The House Republican leadership has evinced no interest in bringing the Barton bill to the floor.
In the meantime, it is perfectly lawful for consumers who prefer incandescent bulbs to stock up. Congress does not prohibit their use at home.
Without traditional light bulbs, Americans will be left to choose between three different types of new bulbs: compact fluorescent bulbs, known as CFLs, halogens, and light-emitting diodes, or LEDs.
All three cost more, but are said to last longer than incandescent bulbs. As with hybrid cars, they carry a higher purchase cost but supposedly lower operating costs over time.
But compact fluorescents, LEDs, and halogen bulbs all have disadvantages.
The new bulbs are expensive. Today a conventional 100-watt bulb costs 58 cents on Amazon.com, compared with $2 for a CFL and $8.50 for a halogen. The LED is not yet available in a 100-watt size. The energy-efficient versions are supposed to last longer, but many people prefer not to pay the greater up-front cost. Or, if they have rooms they use infrequently, they don’t see the point of putting in long-life bulbs.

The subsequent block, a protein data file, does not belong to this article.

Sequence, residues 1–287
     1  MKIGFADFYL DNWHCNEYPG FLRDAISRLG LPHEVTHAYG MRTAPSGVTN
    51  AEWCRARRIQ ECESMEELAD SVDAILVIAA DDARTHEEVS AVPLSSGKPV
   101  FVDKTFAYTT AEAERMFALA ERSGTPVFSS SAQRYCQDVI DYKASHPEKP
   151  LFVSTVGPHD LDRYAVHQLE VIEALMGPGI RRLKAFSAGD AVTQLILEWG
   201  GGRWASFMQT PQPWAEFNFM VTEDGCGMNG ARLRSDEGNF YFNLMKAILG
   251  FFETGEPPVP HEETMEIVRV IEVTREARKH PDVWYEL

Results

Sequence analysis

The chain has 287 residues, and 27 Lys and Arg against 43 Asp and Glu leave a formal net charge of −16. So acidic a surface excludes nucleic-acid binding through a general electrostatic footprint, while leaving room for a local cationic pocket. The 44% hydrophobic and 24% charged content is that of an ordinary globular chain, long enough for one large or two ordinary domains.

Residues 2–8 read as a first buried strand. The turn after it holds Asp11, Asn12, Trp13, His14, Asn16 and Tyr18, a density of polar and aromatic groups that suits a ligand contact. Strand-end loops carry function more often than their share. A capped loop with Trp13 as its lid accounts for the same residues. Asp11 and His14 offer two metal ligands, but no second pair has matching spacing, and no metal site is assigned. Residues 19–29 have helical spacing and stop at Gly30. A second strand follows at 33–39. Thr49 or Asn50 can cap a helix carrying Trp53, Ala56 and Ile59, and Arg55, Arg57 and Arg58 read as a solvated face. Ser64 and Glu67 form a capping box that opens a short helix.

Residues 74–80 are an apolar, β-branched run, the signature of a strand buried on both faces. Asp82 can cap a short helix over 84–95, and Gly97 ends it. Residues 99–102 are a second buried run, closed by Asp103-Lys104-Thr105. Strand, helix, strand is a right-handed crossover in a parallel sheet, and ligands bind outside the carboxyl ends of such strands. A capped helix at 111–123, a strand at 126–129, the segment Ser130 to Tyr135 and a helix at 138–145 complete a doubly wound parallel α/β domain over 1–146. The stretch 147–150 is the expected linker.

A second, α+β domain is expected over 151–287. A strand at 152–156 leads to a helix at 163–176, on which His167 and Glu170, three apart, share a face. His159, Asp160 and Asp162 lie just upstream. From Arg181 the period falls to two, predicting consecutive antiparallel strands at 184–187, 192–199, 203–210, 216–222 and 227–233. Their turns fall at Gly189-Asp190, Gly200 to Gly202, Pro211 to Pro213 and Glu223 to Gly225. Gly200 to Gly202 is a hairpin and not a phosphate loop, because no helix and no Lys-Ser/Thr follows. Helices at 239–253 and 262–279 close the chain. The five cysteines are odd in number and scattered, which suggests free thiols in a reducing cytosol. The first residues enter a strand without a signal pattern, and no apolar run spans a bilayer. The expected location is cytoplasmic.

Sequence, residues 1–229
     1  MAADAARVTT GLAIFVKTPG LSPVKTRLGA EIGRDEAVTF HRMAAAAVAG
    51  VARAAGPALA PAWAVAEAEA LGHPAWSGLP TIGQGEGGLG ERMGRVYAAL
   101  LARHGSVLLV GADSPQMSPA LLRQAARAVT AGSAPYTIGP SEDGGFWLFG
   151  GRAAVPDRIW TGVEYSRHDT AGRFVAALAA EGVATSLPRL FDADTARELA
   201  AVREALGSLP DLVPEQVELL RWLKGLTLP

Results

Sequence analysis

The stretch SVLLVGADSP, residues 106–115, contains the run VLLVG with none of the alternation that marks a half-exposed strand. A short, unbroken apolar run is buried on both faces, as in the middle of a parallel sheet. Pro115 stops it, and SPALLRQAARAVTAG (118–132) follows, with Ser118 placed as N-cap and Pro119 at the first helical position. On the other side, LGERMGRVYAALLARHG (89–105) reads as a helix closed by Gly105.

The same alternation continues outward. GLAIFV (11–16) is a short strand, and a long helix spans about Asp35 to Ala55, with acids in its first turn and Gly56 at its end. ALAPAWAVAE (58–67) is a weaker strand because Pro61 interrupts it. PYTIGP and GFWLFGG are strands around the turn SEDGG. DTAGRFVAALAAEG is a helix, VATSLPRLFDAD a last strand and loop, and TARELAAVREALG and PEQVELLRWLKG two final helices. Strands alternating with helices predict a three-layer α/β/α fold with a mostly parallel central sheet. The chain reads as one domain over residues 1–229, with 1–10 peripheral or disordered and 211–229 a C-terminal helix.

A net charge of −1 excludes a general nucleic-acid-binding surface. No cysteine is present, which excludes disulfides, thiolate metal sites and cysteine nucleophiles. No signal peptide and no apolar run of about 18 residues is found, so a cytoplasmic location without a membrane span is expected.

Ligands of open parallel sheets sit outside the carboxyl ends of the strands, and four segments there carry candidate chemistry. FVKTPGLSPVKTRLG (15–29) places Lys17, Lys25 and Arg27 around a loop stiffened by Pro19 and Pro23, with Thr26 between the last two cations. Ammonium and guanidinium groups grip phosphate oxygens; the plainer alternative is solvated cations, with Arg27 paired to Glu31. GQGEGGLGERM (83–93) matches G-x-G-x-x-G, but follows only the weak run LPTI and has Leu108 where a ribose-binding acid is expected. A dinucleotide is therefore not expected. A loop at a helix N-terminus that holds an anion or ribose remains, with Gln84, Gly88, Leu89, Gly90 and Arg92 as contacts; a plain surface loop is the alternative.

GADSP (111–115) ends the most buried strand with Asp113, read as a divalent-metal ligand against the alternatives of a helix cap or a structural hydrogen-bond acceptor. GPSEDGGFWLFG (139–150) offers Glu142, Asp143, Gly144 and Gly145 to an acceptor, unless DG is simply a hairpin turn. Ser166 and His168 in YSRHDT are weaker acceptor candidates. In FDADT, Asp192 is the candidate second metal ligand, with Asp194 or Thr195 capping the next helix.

Plus, many people do not like the light cast by fluorescents, even though these bulbs are the least expensive of the alternative energy set. Some say the light casts a yellow or blue tint, that it flickers, that the bulbs hum, that the light gives headaches.
And there is a back-end problem: compact fluorescents present disposal problems because they contain mercury. The Energy Department lists complex rules on its Web site here for disposing of the new bulbs.
If a CFL breaks, EPA instructions include leaving a room for 15 minutes and turning off forced air heating and cooling. Then, bulb remnants should not be swept up with a broom or vacuum cleaner, but carefully scooped up using stiff paper and placed in a canning jar or sealed plastic bag. Afterwards, sticky tape or wet wipes should be used to collect the last fragments.
This is not something most people want to do when they drop a light bulb. They just want to sweep it up, throw it in the trash, and get on with their day.
Even when a compact fluorescent light bulb reaches the end of its natural lfe, it cannot be placed in the garbage, according to EPA. It must be turned in at special recycling centers. EPA has links to recycling centers on its Web site. Consumers are instructed to keep purchase receipts, because if the bulb fails before two years, the customer can ask the manufacturer to replace it without charge.